A Distant Rumble of Thunder:” The Story of the Bell X-1
In the history of man’s ascent into the heavens, there are certain names, phrases, and
dates that stick. Kitty Hawk. “One small step for man…” October 14th 1947. That was the fateful
day that a man had intentionally surpassed the supersonic mark. The pilot was a man named
Chuck Yeager, a synthesis of courage and aeronautical prowess, and the plane was the Bell X-1,
an orange bullet of a plane. Yeager managed to make history and set the stage for much that
The man, Captain Chuck Yeager, was born in West Virginia. He enlisted in the Army Air
Force in 1941, flying in a number of missions in the European theater of WWII. He had an
aptitude for it, because by the end of the war, “he had thirteen and a half kills,” at the tender age
of 22 (Wolfe 32). After the war, he trained to become a test pilot, and was selected to go to a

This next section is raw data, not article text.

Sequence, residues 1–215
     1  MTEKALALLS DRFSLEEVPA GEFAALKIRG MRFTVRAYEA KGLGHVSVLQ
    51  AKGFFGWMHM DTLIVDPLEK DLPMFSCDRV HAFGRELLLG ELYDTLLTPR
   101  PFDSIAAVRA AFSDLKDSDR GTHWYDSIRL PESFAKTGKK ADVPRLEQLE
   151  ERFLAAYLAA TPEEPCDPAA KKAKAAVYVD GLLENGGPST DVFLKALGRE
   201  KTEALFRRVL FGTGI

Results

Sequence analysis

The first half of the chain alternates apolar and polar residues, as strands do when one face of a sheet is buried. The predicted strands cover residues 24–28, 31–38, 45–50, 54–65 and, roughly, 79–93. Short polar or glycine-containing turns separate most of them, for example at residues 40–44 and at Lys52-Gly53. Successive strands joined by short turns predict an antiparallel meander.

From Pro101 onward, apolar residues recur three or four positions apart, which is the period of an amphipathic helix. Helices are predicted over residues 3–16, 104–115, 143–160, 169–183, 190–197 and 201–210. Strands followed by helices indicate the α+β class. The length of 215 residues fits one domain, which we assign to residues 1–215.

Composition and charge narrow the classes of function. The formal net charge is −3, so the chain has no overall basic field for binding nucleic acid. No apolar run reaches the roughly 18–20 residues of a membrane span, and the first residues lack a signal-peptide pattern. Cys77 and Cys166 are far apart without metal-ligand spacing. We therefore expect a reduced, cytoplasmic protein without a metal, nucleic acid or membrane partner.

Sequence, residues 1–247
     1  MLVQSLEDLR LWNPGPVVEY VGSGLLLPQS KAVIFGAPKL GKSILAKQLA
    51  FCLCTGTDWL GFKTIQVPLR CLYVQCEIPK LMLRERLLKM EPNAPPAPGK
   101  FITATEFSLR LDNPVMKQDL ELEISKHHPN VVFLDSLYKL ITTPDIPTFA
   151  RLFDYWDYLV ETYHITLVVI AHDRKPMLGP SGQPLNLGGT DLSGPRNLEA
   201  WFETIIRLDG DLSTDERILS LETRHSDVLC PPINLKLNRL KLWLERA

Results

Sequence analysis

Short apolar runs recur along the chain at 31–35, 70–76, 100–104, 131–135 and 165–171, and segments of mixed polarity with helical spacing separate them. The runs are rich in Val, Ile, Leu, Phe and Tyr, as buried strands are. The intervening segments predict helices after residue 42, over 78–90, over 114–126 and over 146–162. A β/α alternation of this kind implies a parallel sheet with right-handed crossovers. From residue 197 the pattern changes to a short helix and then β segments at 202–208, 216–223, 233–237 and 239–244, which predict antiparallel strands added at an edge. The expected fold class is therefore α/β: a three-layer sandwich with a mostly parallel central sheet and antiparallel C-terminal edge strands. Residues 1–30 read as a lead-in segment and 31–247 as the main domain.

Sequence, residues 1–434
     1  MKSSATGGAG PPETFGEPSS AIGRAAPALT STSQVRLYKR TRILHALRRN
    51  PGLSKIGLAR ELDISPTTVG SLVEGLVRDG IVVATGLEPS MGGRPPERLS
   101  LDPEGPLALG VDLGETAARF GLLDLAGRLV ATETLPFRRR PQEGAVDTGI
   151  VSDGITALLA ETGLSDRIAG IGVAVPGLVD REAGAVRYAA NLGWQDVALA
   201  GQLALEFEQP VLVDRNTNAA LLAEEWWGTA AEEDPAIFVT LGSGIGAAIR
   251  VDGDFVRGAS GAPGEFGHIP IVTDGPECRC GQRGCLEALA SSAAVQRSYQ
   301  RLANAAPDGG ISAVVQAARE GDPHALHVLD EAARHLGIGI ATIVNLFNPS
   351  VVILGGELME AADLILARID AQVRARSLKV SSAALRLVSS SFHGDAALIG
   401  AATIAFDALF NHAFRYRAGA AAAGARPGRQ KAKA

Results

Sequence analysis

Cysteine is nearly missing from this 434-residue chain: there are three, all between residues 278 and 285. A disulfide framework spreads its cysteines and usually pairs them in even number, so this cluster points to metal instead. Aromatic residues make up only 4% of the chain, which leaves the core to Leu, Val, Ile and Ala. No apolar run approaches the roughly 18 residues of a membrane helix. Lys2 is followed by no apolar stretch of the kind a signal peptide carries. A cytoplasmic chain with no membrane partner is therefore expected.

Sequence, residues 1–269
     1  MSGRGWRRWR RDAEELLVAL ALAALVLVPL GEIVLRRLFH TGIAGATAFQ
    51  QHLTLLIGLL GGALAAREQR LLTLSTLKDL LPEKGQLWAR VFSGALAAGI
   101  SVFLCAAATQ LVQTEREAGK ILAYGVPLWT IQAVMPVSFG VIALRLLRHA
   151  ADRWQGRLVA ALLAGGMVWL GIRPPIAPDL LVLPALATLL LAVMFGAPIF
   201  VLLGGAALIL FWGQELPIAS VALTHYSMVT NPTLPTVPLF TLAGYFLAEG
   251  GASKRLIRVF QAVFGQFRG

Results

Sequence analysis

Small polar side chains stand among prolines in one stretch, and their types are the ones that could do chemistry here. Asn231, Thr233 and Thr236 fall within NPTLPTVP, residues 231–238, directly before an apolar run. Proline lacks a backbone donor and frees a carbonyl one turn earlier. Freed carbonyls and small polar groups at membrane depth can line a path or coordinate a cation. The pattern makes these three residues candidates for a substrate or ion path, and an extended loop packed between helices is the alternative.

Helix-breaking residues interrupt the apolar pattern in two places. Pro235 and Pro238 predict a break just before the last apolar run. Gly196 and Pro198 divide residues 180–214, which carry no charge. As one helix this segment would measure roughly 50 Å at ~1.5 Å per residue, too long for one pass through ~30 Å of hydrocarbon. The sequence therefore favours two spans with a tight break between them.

base in the boondocks of California, Muroc Field. Tom Wolfe describes the area as “some fossil
landscape that had long since been left behind by the rest of terrestrial evolution,” with dried lake
beds that stretched on to the horizon that could serve as natural landing fields (23-24).
The plane Yeager was flying was the Bell X-1. Painted vibrantly orange, the plane’s
fuselage was shaped like a fifty-caliber bullet, as a .50-cal’s bullet was “proven to be stable at
supersonic speeds” (Yeager and Cardenas 14). Anyone entering the airplane was entering at their
own risk; the plane’s cockpit was entered from the side instead of the top; therefore, there was no
real effective way to bail out of the airplane if anything went wrong. Moreover, the plane’s
rocket fuel had to be kept within a tight range of five psi to achieve maximum thrust without
exploding the plane. Thus, to use an analogy, the Bell X-1 was a spirited horse that could do
what she was supposed to do, but needed a steady and experienced hand. Enter Yeager.
Pilot, plane, and field have come together. Over a series of flights,...